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Experience Based Learning, Inc. v. The Hanover Insurance Co.

United States District Court, N.D. Illinois, Western Division

June 24, 2019


          Rebecca R. Pallmeyer District Judge.


          Iain D. Johnston United States Magistrate Judge.

         Before the Court are a motion to modify by defendant Hibbs-Hallmark & Company and Robert Monaghan and a motion to quash by plaintiff Experience Based Learning. Dkts. 80, 81. For the following reasons, the defendants' motion to modify [80] is denied, and the plaintiff's motion to quash [81] is granted. A telephonic status is set for July 11, 2019 at 9:00 a.m. By July 8, 2019, counsel shall provide direct dial telephone numbers to the Court's operations specialist, who will initiate the call.


         Plaintiff alleged that former defendant Hanover Insurance Company breached the parties' insurance contract by failing to honor a claim for damage to plaintiff's trees caused by a beetle infestation; alternatively, plaintiff alleged breach of contract and professional negligence against its insurance agents, defendants Hibbs-Hallmark & Company and Robert Monaghan, for failing to obtain insurance coverage that would have covered the tree damage. Dkts. 44, 45.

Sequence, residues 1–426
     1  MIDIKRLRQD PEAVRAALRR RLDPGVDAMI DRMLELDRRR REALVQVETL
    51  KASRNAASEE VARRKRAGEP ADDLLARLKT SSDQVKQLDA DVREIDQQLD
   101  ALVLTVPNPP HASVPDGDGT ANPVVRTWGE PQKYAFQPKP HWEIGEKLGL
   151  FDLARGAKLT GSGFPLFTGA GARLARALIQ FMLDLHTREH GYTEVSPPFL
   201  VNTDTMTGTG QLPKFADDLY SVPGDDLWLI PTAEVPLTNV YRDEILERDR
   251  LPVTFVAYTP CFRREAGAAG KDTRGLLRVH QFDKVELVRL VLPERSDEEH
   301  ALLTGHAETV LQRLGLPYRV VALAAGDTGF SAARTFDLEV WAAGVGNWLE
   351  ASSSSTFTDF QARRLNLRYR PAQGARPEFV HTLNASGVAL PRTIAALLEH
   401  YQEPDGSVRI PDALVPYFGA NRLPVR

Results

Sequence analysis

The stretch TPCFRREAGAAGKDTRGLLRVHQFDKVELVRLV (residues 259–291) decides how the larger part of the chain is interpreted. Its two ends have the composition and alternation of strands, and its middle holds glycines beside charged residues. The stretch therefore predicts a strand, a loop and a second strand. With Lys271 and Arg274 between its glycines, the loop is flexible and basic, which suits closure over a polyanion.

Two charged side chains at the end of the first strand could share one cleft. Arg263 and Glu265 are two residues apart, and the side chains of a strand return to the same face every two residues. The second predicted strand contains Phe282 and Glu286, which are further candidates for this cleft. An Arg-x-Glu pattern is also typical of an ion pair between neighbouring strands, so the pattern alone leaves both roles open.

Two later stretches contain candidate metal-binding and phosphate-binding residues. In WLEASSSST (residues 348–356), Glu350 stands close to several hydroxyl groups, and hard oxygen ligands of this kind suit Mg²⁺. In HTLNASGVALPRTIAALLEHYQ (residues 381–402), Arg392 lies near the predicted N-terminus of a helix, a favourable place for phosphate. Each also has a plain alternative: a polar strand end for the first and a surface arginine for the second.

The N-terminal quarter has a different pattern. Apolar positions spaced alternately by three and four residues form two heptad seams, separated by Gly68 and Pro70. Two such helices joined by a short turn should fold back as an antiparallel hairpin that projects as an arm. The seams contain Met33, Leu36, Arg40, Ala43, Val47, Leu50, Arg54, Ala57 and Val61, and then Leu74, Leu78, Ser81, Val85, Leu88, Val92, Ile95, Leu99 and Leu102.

At the April 10, 2018 status hearing, the Court directed the parties to file a joint proposed case management order. As it does in every civil case, the Court provided the parties with a plethora of warnings about the failure to meet deadlines. For example, in the proposed case management order, which was signed by defendant's counsel, the parties are warned of the following: